DESCRIPTION OF THE DRAWINGS
For a more complete understanding of the invention, reference should be made to the accompanying drawings wherein:
FIGS. 1a and 1b are a schematic block diagram of the invention incorporated as part of an overall keyboard switch detect and assignor circuit;
FIG. 1c is a diagram of the format of a stored word.
FIG. 2 is a detailed block diagram of the keyer circuit portion of the present invention; and
FIG. 3 is a schematic block diagram of the priority select circuit incorporated in the present invention.
DETAILED DESCRIPTION
The preferred embodiment of the sequencer according to the present invention is shown and described in combination with a keyboard switch detect and assignor circuit, indicated generally at 10 in FIG. 1a described in detail in U.S. Pat. No. 4,022,098 and incorporated herein by reference, filed Oct. 6, 1975. In the drawings, those elements of the switch detect and assignor circuit 10 which are common to the circuit described in the above-identified co-pending application are identified by the corresponding reference characters and are limited to two-digit numbers. Newly added circuit elements forming the sequencer as herein described are identified in the drawings by three-digit reference numbers.
The basic keyboard switch detect and assignor circuit 10 provides a system for detecting a change of state of any one of the key operated switches in a keyboard musical instrument and causes one of a plurality of tone generators to be assigned in response to the pressing down of the key. The assigned tone generator is released when the key is subsequently released.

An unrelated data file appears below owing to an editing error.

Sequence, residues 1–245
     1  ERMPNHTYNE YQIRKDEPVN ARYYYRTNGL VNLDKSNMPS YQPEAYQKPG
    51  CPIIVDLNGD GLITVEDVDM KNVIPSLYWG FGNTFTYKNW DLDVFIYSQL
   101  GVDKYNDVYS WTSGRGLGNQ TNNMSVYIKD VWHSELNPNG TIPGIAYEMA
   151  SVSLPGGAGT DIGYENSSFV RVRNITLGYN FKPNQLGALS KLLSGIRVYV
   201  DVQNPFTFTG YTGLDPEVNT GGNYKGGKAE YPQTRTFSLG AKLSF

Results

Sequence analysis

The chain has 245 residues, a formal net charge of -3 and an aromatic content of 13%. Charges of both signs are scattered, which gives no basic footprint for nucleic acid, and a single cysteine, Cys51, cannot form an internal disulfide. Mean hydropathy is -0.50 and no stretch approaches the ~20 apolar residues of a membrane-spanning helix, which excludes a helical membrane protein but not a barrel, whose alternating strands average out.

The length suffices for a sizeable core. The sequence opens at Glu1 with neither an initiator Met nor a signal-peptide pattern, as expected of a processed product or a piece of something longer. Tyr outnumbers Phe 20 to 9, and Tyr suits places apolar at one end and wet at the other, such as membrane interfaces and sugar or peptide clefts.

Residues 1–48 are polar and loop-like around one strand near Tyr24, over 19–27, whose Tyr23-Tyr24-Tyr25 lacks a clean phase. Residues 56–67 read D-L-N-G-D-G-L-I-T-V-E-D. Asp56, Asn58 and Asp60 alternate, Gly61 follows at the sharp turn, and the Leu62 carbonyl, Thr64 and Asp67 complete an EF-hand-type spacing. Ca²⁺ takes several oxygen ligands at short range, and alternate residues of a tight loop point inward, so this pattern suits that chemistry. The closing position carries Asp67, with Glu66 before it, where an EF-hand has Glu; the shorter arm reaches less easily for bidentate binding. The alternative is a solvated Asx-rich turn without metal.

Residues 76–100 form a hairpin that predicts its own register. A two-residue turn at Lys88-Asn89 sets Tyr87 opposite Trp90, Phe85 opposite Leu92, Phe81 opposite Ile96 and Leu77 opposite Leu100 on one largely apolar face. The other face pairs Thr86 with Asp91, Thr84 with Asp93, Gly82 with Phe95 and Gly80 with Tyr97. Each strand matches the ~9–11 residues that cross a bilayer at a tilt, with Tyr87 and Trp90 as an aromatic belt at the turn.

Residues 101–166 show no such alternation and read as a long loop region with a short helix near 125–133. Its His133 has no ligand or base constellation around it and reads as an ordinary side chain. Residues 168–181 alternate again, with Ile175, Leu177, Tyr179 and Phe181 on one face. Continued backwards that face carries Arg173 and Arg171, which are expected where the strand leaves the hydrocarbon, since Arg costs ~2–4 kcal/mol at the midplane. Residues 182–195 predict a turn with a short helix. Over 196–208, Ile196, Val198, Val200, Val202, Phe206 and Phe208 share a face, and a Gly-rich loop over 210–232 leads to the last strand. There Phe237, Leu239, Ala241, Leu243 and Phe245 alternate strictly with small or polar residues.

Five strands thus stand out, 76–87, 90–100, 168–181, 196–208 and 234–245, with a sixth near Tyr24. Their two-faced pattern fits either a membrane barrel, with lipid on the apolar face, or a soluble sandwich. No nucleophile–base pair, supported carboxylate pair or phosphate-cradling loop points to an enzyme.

Referring to FIG. 1a, three separate keyboards, indicated at 11 and 12 and 13 are shown by way of example. Each keyboard, one of which may be a foot operated pedal keyboard, typically contains six octaves, there being twelve notes per octave corresponding to the notes of a conventional chromatic scale. Each keyboard, called a division, has the notes of the octaves arranged in groups, each group corresponding to one octave. During a Scan mode, multiplexing or scanning of the keys by divisions and groups is provided respectively by a division counter 63 and a group counter 57 which connect the twelve keys of each of the eighteen groups in sequence to twelve output lines (as indicated by the number 12 in a circle) through an OR circuit 28.
Control logic 100, the details of which are described in the above-identified application provides an output signal on a line 60 indicating whether the circuit is in a Scan mode or in an Assign mode. The control logic is normally in the Scan mode until one of the key operated switches changes state. In the Scan mode when the control signal on line 60 goes off, the output of an inverter 61 goes on permitting clock pulses from a master clock source 66 to pass through a gate 62 to the group counter 57. The group counter is advanced repeatedly through its six states. At the end of each group scan the group counter advances the division counter 63 by which the successive keyboards are scanned.